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Against Zillions of Bearish Charts in Financial Blogosphere

We go against the trend in this article and show a bullish or at least not bearish chart.

After a long and persisting uptrend, technical analysts have run out of ammunition as most indicators that traditionally signaled major tops or bear markets have failed consistently. Lately there is a shift to debt charts maybe out of desperation. Debt dynamics are slow and charts based on indicators derived from debt are not effective in establishing major turning points. In other words:

Debt levels can increase for longer than shorts can remain solvent.

We often go against the herd and look for information that falsifies or at least counters their thesis. The information must be provided by a relatively simple indicator otherwise one risks becoming the victim of complexity and over-fitting.

Below is a “simple” indicator that is based on the mean and variance of log daily returns in a lookback period N. This is also known as the Kelly Optimal Leverage, originally developed by legendary quant Edward O. Thorp for optimal continuous rebalancing.

The indicator is equal to the expected excess return in a time period divided by the expected variance of returns in the same period.

f = μ/σ2

where f is the optimal leverage for continuous rebalancing, μ is the excess return and σ is the standard deviation. (This is not to be confused with the Kelly ratio used for optimal position sizing.)

Below is the indicator applied to S&P 500 index for 500-days lookback period.

The current value of the indicator is a little below the longer-term average since 1960 and much below values reached before the market tops in 1960s, 1970s, 2000s, the 2016-2016 corrections and even the more recent 2018 correction.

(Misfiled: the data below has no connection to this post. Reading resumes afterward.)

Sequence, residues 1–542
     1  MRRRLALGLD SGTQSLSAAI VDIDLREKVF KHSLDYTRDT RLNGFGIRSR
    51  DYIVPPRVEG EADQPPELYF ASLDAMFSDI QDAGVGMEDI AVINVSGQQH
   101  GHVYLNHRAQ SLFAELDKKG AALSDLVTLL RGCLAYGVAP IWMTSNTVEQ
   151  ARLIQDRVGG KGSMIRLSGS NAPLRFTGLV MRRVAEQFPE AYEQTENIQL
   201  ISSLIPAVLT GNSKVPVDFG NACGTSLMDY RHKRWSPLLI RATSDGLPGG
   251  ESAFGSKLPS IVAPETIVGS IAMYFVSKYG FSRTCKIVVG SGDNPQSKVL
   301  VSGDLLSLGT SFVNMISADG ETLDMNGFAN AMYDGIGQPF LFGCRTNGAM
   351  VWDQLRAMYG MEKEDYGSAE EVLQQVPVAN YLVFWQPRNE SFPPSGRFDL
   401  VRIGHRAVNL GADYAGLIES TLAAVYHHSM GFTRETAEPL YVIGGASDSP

It is also important to notice that high values of the indicatorhave occurred near the start of long uptrends, for example in 1996 and 2004.

If we increase the lookback period to 1000 days, or approximately four years, this is what we get.

The current value of the optimal leverage is a little above the longer-term average but nowhere close to values realized before the 2000 and 2007 tops and even before the 1987 crash.

The conclusion is that this quantitative indicator does not forecast a top at this point and in fact it hints at continuation of the uptrend.

However, indicators always lag price since they are derivatives and more importantly do not reflect any form of causality. Therefore, they must be used with caution.

Our objective here was to present an indicator that offers a different picture than the numerous indicators presented in financial blogosphere lately that presumably forecast an end to the stock market uptrend.

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Charting and backtesting program: Amibroker


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